Experiences based on playing Royalists and Roundheads (almost) once and umpteen goes at Breitenfeld in the late '70s. Having rashly decided to give Marston Moor a go with DBR condensed scale I set up and started the Royalists and Roundheads version for a swift overview. No scale is given but a quick count up suggests 50 odd metres to a hex and 110 men per strength point, although at these figures there should be 30% more Parliamentary foot than 3W give us. Royalists and Roundheads was seriously trashed when it came out so serious cropping of the die rolling was in order. The number of rolls was condensed by doing away with morale tests before combat and having melee fought as the defenders' roll followed by the attackers' (if still in place) rather than simultaneous rolls. Fire and melee combat consists of a die roll to see if anything happens followed by another roll for any effect. To cut down on this the results of both initial tables were taken to be a morale check (as printed) or a morale check with a die roll addition of the stated number (the number that was to reflect the number of steps lost). All step losses were ignored except that when a unit routs it is permanently flipped to its lower strength side (or eliminated if already reduced or a single stepper). Units rout by failing a morale test defined as rolling equal or more than their rout number on 2D6. This is easier than the "correct" roll of exceeding the morale number. To make routing a bit sharper, routing units must move at least 2 hexes towards their sides' bas edge every friendly move and can only recover (rolling under their morale number) if their command has muster orders. To ice the cake artillery is eliminated if forced to rout and is automatically eliminated if alone in a hex adjacent to an unrouted enemy unit at the end of any melee phase. Another problem quickly cropped up when playing Marston Moor because units cannot pass through other units unless they begin the game stacked together and all the big guns are at the front. Hence the Parliamentary advance will either have to take the guns with it or side step round them. An easy fix is to allow artillery to stack with other combat units. On to the game and despite the above fixes units refused to rout quickly enough. Most front liners are 8s and 9s which will pass over half their morale tests. This may not be so obvious in the smaller games where the units are not packed from edge to edge in several succeeding lines. With Marston Moor the Roundheads have to pound their way through. Having taken 3 turns to get nowhere inspiration was required.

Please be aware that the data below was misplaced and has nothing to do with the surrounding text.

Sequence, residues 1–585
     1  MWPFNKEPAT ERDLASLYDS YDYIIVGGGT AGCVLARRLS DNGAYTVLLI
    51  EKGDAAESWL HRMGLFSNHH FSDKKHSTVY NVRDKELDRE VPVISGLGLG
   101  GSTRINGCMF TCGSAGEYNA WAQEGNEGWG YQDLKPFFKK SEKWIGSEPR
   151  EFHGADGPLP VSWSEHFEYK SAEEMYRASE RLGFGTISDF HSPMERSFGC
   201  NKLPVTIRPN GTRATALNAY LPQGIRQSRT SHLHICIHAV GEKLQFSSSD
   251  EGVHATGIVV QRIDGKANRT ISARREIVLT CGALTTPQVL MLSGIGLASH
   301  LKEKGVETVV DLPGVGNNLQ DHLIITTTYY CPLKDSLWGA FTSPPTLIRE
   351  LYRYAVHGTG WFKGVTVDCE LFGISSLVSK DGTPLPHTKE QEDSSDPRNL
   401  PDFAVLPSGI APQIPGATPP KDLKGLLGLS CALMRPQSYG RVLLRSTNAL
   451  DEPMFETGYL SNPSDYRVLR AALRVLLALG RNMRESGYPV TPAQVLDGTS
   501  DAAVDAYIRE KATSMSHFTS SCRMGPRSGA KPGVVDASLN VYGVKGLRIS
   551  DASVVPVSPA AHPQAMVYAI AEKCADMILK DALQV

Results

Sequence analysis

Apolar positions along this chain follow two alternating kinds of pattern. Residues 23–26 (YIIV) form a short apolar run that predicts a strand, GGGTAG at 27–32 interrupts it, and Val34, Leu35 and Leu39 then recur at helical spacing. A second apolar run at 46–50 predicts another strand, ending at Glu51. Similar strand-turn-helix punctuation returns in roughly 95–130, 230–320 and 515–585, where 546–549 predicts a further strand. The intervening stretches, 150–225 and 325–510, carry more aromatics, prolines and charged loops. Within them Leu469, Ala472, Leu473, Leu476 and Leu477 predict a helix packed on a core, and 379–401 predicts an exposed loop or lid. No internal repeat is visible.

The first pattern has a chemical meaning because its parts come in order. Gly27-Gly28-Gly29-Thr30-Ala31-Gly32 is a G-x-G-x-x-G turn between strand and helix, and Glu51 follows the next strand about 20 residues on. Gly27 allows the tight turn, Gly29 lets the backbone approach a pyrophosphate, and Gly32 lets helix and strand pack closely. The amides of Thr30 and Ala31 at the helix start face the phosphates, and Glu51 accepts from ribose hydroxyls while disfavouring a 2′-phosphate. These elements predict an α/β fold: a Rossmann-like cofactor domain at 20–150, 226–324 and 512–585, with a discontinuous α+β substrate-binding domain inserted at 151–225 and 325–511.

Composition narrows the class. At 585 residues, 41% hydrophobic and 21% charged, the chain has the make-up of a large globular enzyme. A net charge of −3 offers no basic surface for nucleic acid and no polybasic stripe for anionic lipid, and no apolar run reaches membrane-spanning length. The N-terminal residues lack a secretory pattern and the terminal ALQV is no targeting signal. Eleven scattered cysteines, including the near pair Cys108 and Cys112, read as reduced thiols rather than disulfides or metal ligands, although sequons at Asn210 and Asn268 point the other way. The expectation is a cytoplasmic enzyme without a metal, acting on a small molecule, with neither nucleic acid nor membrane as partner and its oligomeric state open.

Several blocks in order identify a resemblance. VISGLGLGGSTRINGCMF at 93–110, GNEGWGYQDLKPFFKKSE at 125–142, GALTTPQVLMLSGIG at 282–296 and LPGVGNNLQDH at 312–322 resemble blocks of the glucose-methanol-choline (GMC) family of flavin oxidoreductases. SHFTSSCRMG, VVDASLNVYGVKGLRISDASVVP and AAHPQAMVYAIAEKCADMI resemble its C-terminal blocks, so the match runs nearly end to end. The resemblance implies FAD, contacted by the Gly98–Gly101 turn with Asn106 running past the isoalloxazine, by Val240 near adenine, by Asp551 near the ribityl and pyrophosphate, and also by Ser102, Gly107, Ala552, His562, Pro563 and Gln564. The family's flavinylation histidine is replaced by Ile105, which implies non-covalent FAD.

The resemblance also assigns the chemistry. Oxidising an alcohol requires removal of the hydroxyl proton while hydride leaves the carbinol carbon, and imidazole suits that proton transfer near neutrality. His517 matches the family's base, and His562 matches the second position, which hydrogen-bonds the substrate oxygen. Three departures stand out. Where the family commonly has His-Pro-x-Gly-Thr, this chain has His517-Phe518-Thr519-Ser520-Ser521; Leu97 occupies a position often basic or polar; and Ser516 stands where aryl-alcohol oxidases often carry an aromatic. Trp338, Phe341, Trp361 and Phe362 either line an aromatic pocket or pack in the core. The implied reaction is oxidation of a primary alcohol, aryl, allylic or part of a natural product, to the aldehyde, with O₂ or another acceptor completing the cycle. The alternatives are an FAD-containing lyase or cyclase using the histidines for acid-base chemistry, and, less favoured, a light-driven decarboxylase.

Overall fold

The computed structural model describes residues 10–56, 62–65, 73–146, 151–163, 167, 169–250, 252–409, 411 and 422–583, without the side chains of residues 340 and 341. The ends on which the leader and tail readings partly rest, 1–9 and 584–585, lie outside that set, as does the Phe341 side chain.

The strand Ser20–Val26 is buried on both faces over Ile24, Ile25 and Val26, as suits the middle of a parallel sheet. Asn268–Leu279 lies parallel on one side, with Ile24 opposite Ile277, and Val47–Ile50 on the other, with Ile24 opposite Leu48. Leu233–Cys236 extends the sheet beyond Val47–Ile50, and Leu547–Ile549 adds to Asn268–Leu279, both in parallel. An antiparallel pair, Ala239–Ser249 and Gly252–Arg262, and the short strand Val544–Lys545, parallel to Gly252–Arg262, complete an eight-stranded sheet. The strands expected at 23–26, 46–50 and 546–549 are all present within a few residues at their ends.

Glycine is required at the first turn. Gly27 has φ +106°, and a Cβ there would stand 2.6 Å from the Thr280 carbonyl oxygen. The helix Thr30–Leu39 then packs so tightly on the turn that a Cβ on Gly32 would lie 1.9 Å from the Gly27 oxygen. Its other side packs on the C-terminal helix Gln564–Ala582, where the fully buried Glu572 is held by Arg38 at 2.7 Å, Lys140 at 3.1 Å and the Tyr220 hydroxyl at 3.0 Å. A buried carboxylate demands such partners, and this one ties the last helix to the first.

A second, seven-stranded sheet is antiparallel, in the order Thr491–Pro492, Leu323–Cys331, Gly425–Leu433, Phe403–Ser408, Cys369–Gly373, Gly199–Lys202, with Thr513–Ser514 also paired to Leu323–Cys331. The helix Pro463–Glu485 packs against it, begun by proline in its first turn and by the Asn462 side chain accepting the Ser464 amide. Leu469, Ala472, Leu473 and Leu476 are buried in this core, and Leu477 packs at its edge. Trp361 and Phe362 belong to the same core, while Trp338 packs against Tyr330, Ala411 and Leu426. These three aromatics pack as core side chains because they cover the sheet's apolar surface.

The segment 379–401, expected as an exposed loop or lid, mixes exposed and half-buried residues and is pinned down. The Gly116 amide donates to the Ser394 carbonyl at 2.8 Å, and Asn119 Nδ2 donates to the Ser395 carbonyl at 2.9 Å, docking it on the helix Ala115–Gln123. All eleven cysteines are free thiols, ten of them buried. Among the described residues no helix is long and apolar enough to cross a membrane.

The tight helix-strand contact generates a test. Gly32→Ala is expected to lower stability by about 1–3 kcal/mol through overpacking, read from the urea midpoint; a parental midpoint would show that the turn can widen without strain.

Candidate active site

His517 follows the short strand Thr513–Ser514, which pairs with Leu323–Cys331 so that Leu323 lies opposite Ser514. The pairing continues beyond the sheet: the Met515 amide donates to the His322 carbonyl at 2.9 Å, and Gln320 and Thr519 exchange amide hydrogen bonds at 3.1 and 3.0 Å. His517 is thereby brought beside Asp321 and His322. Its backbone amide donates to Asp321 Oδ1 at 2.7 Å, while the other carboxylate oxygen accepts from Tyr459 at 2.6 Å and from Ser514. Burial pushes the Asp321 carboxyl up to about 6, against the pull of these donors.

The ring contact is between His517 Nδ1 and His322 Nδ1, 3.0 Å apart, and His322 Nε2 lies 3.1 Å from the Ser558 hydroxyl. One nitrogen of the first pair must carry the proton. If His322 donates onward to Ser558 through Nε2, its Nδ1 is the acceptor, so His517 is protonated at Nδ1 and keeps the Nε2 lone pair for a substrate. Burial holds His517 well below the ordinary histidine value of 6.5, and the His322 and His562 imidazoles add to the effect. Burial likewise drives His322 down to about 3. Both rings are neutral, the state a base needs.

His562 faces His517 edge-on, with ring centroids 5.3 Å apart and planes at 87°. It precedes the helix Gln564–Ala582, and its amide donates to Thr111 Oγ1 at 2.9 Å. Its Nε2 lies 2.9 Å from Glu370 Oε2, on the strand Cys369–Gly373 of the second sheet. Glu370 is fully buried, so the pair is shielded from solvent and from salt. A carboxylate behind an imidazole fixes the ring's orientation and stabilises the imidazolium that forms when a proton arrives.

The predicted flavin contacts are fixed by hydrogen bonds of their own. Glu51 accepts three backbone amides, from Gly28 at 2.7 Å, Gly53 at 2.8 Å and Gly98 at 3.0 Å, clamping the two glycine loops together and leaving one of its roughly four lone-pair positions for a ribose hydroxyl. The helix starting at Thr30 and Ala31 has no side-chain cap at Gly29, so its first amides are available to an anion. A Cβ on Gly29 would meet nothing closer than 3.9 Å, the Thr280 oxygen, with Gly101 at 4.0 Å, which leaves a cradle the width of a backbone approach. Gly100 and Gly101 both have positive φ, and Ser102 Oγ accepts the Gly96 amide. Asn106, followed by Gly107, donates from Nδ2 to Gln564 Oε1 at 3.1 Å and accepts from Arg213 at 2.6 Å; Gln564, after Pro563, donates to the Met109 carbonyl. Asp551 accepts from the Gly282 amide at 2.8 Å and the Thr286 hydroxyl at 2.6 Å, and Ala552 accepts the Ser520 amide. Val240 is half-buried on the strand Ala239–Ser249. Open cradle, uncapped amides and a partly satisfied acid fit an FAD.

Out with Decision's new version of The Thirty Years War Quad, fine counters but the maps are not quite as pleasing as the old SPI versions. This quad used a wider scale to accommodate larger battles, nominally 175 yards per hex and 100 odd men per strength point (making tercios very strong units). The basic system was transferred mid-game and soon sorted out the battle in another 3 or 4 turns. 30 Years War used a mostly bloodless CRT that disrupts 1 or both sides (except at high odds). Combat is compulsory in ZOCs but disrupted units have no ZOCs and cannot attack. Disruption is recovered in an initial rally phase on a 5 or 6 (4, 5 or 6 with a leader present). Disrupted units cannot recover in an enemy ZOC and are eliminated if disrupted again except by artillery fire which can never eliminate anything. All this works in Royalists and Roundheads, artillery appears to have a shorter range if the Decision CRT is used but ECW artillery never did much good anyway. The command order counters become redundant, an advantage in that the "stand" ordered commands do not sit around like lemons until their leader rolls well or is helped out by the C in C. Commands are still useful as only leaders of the correct command can rally disrupted units (which cuts down on rallying) and the optional Decision command range rules are transferred (these are very similar to the 3W set). The old order counters had to go to avoid really messing up the Decision CRT. One rules problem is with charging cavalry which is handled differently in each of the 30 Years War battles. A compromise is to allow good order cavalry to charge other (any order) cavalry and disrupted infantry only. To be mean at least 1 Royalist cavalry unit must charge adjacent enemy cavalry units if the terrain allows. Charging cavalry suffer a disrupted result after combat, no other effect regardless of the CRT, this loss may not be used to part satisfy Dx results if other units are available. 30 Years War Quad units have all round ZOCs but do represent deep formations, cavalry 6 deep against the ECW's 3, ECW foot 6 deep compared to far deeper tercios and Swedish blocks. The ECW is better shown by having ZOCs extend into the front 3 hexes only and having units face a hex edge (they face vertices in Royalists and Roundheads). Allow units attacking through a rear hexside -1 on the CRT to encourage nipping around the rear.= The old 30 Years War system does not try to reflect the details of Pike and Shot warfare but does better than Royalists and Roundheads which tries and fails. The final result is broadly right and at least you get a result rather than get fed up as in the 3W system.